“Stretch out your left arm. Make a fist. Hold still while I insert the needle.” The nurse filled two vials with my blood and said the doctor would contact me in two days and give me the test results. Just the other day I had my annual physical exam. Before the blood test I had already completed a two-page questionnaire, answered a battery of questions in the examination room, but now it was time to look deeper. The blood test revealed what could not be seen on the outside. A more in-depth look was necessary.
As pastors we look good on the outside, we sound fine, and are faithfully performing our ministry responsibilities, but I wonder if it might be time for a deeper look.
I remember growing up in church and singing the old hymn, "Count your Blessings." It's been years since I've heard this song in church, but as we gather with family and friends to celebrate the Thanksgiving holiday, perhaps it's time to dust of the lyrics. If you are not familiar with the song, here is the first verse:
When upon life’s billows you are tempest-tossed,
When you are discouraged, thinking all is lost,
Count your many blessings, name them one by one,
And it will surprise you what the Lord has done.
Written in 1897, Johnson Oatman reminded us not to forget what God has already done in our lives. If you are a future-oriented person like me, it's easy to forget past blessings.
I've had my share of pain.
More than some, not as much as others, but I've had my share.
I've had seasons of discouragement and times when I wanted to quit. Like you, I have faced unrealistic expectations, unfair criticism, and unresolved conflict.
I'm grateful to be in a healthy season of life and ministry, but I've been reflecting this week on ministry pain and how pastors can navigate these difficult times.
Pastors are people too, and like most of humanity, it's hard to let go of emotional pain. We forgive and move on, but certain triggers bring the pain back up again. I've learned forgiveness is not a one-time event. It's an ongoing process.
By now most of you have heard the news of the tragic suicide of Pastor Andrew Stoecklein in California. We pray for God's comfort and peace to be upon his dear family and congregation.
I started my blog and FB group in an effort to encourage pastors to be healthy. Not just healthy in body, but also in mind, emotion, and spirit. The untimely death of this pastor reminds us all of the importance of mental and emotional health, the difficulty of our task, and the reality of spiritual warfare.
We were walking around Home Depot. It was yet another trip across town to pick up supplies for the church remodeling project. I had been there so many times over the past month, it was starting to feel like a second home. I looked at my wife and said, “I think I would be happy working here.”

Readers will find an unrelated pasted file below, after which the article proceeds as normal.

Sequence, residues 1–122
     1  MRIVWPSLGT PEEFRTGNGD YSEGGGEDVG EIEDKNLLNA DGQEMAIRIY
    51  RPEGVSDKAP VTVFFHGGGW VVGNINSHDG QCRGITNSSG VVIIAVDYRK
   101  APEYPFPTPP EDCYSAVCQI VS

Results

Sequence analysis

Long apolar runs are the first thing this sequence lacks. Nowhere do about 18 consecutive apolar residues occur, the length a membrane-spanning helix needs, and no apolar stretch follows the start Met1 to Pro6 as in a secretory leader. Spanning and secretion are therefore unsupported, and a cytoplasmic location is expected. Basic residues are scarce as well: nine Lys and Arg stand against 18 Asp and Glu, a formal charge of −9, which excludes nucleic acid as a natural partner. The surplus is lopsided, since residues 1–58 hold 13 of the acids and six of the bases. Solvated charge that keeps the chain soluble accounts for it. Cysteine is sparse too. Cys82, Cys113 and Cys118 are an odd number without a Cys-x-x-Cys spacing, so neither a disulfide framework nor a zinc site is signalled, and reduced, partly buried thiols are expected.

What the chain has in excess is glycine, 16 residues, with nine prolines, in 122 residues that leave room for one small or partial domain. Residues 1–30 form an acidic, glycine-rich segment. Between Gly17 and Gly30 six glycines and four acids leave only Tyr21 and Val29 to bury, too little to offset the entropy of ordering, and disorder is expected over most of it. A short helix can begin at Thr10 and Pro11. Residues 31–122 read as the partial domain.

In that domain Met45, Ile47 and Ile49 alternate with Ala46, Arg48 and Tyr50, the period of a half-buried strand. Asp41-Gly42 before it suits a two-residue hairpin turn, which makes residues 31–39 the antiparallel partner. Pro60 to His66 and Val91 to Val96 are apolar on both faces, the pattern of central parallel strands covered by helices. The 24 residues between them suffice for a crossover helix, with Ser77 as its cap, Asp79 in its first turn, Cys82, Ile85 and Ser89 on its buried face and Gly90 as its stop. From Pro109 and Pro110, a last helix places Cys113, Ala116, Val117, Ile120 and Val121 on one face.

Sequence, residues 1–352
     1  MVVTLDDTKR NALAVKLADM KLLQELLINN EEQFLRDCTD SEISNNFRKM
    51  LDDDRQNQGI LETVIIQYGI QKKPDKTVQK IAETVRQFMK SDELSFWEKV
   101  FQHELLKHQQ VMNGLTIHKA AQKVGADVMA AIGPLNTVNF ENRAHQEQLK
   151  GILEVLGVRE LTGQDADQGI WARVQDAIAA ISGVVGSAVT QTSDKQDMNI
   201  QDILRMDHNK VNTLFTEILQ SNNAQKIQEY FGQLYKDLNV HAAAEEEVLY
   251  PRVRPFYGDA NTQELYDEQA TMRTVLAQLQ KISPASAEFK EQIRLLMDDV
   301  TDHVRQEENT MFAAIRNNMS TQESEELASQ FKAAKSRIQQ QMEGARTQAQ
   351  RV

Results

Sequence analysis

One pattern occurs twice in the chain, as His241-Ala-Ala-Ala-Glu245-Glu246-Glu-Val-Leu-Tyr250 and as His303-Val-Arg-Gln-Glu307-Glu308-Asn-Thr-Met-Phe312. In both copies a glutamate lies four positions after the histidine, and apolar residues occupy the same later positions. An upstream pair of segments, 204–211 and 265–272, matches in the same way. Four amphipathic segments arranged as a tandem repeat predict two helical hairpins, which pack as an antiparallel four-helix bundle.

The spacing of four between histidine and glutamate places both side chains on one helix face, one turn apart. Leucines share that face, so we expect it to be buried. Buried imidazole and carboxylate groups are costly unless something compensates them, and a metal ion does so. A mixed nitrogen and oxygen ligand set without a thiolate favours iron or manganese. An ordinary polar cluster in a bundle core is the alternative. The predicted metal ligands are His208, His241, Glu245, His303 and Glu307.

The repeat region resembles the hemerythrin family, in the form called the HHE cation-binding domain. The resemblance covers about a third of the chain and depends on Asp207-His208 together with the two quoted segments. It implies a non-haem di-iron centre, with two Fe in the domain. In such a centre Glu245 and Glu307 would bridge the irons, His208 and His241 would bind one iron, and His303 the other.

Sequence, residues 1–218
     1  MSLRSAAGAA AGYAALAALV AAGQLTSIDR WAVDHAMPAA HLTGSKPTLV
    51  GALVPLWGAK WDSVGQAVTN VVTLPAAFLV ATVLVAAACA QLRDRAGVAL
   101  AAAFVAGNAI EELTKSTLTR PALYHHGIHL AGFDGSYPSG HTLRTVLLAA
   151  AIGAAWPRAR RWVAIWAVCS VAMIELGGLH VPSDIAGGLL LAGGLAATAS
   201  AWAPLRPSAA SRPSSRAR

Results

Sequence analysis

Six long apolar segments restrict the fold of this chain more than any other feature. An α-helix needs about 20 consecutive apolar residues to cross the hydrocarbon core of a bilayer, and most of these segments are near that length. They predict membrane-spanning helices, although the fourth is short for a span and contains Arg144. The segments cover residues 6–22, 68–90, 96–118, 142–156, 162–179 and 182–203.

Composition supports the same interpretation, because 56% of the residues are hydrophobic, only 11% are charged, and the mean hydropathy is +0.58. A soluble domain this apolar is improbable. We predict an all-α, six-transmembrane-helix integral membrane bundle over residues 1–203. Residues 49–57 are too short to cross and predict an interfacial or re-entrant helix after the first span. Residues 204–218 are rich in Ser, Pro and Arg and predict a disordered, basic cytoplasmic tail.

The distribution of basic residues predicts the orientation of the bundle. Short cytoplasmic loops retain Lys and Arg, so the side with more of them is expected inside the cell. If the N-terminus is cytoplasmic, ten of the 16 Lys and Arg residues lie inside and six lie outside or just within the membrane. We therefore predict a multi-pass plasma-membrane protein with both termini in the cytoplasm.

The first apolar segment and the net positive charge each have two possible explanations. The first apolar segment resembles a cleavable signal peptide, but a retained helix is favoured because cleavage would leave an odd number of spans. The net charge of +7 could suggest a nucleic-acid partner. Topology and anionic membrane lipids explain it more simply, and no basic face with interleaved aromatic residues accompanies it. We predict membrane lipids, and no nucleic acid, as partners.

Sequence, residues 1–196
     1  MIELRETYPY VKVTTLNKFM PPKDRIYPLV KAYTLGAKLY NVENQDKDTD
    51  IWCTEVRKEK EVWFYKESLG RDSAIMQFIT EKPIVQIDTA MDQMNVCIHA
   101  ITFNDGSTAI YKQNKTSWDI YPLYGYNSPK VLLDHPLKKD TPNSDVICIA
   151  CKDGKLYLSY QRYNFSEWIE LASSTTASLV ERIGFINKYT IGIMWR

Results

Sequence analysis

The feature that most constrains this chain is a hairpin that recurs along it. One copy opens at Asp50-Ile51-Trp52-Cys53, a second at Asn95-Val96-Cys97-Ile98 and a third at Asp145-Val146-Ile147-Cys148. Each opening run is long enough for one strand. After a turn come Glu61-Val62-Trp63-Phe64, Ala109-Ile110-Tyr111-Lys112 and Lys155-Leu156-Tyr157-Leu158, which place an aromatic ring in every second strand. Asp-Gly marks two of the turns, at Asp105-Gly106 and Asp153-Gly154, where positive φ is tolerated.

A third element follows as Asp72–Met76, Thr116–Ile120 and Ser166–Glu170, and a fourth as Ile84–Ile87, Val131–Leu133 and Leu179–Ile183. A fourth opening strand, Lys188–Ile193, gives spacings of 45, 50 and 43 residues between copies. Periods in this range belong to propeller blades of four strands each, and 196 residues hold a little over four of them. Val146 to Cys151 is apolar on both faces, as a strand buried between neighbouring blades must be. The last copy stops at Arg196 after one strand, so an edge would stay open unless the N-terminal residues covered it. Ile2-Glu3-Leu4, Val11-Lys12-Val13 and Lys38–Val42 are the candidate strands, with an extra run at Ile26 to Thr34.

Most pastors have had those moments where the stress of ministry has caused them to dream of doing something else. If you are like me, you have even written out your resignation letter a few times.
Over the past year I have been writing to encourage pastors who are tired, weary, frustrated, and discouraged. I write not as an authority figure, but as a fellow-journeyman. This is my first post after taking the summer to rest, reflect, and redirect.
If you have ever felt overwhelmed with the enormity of the pastoral task at hand, I understand. In the past I have written about life/work balance, and have even given suggestions on how to make it happen, but now I’m not sure it is possible.
I saw her out of the corner of my eye. The service was over and she was waiting to speak with me. I was talking and praying with several members, but she waited patiently. I greeted her warmly only to hear these words… “You are not the man of God I thought you were.”
The woman, who had not been in our church long, preceded to tell me why she disagreed with how I was leading the church. “You’re not listening to Holy Spirit”, she said. Predictably, she soon left the church.
I became a lead pastor at age 25. My wife and I had been married for three years, and we had a little baby girl. We had served as youth pastors at another church for two years, getting our feet wet into ministry, but stepping into a lead pastor role was a whole different ball game.
We were in a small West Texas town of 3,000 people. Our little church was not only passed it’s prime, it was barely alive. With a handful of people and a broken down, badly neglected building, we began our pastoral ministry.
I have a growing conviction. God didn’t just call me to pastor a church. He called me to pastor a city. My calling is not just to serve a local body of believers, but to influence a community towards faith in Jesus.
There is a fascinating verse in 1 Samuel 9:6. The servant of Saul says, "Look, in this town there is a man of God; he is highly respected, and everything he says comes true. Let's go there now. Perhaps he will tell us what way to take.” Years ago at a pastors conference I heard a stirring sermon from this verse called, “Is there a man of God in your city?”
When I ask pastors to describe their process for developing church leaders, the conversation often gets very quiet. Most of us believe leadership development is one of a pastors top priorities, but how do you do it?
Have you ever had a leader step down, and you realized there is no one qualified to take their place? I have. One of the mistakes pastors make is putting the wrong person in a leadership role, simply out of necessity. This decision might help in the short-term, but can be a disaster for the long-term.
Hi! I'm Loren Hicks. I am follower of Jesus, a husband, a father, a friend, and for the past